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Being a parent is the hardest job anyone can have, often exhausting and exasperating. But parenting is also joyful, exhilarating, and full of unexpected opportunities to reflect on one's own past experiences as a child. Being parents has been the most rewarding career that Charles or I have ever had.

Valuing concepts related to child growth and development has guided us as parents, helped us to make choices that benefited our daughters as well as ourselves, and given us the confidence to ride out the myriad of stressful situations that inevitably occur when raising children.


TANTRUMS by Linda Kraus, M.A. © 2007
Tantrums are a frustrating part of life with young children and are common between the ages of one and four. Tantrums raise the hair on our arms and gray the hair on our heads, pushing our buttons, challenging our parenting skills to the max!  In a parent education meeting that I led not too long ago, here is what was talked about:
 

TANTRUMS

  • are intense, passionate, and overwhelming for the child as well as the parent.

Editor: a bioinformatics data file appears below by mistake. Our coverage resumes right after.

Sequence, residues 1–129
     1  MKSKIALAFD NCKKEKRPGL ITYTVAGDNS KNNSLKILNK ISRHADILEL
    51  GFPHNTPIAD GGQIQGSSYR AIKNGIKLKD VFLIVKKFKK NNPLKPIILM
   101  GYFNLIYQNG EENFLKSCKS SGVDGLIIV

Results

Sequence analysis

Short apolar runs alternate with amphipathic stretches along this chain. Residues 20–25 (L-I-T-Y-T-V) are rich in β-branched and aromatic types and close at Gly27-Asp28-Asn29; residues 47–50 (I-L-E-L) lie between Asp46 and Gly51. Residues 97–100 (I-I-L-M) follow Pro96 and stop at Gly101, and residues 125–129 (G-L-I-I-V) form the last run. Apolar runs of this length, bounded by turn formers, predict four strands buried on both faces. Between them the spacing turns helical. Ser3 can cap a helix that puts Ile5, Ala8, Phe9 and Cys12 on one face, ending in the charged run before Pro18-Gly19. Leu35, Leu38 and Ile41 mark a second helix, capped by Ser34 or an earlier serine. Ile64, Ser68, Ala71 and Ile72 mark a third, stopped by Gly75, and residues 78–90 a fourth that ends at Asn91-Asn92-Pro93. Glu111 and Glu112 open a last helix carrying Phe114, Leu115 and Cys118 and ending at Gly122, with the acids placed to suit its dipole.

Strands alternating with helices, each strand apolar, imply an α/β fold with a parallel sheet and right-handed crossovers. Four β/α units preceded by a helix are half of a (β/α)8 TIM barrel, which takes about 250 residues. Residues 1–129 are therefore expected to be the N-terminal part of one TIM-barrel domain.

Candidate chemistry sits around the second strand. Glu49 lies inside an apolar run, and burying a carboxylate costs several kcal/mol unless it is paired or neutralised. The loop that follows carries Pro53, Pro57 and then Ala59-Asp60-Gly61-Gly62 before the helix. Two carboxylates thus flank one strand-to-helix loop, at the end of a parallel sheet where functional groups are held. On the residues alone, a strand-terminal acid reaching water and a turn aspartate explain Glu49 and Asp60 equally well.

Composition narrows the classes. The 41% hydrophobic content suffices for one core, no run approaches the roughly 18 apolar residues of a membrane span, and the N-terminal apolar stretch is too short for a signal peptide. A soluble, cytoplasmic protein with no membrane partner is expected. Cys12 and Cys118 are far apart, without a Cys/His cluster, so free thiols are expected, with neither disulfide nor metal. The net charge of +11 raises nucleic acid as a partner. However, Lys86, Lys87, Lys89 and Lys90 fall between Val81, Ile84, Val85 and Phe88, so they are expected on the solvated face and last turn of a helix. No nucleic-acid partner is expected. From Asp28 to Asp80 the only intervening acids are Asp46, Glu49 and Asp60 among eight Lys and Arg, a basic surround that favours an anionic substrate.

• make parents feel angry, frustrated, frightened, and helpless.
  • are a momentary expression of the child's inner turmoil, anger, frustration, tension, and feeling of being out of control.
  • reflect the child's struggle for autonomy and independence from his/her parent…often played out in power struggles: "Yes/no, you will/I won't!"

    WHY THEY HAPPEN

  • child is over tired.
  • child is over stimulated.
  • child is getting sick.
  • It's a transition time, e.g., getting ready to leave the house, coming to
    to meals, leaving school, getting ready for a bath or bed, etc.
  • child has insufficient language to express her anger or problem at the moment.
  • rushing
  • desire thwarted
  • child can't accomplish what he is trying to do, e.g., put on shoe, make puzzle piece fit.
  • child is frightened (parent is leaving, babysitter arriving).

    WAYS TO PREVENT TANTRUMS
  • Give your child a "preview of the day" the night before and again in the morning.
  • Do less in each day; let the child choose which errand to do first.
    Remember, give this choice only within the perimeters that you have to set
    for yourself so it works logistically.
  • Give your child opportunities to express angry/ frustrated feelings,
    e.g., "Here's some play dough to pound." Or have some other sensory
    activity available, such as a tray of sand or cornmeal to sift through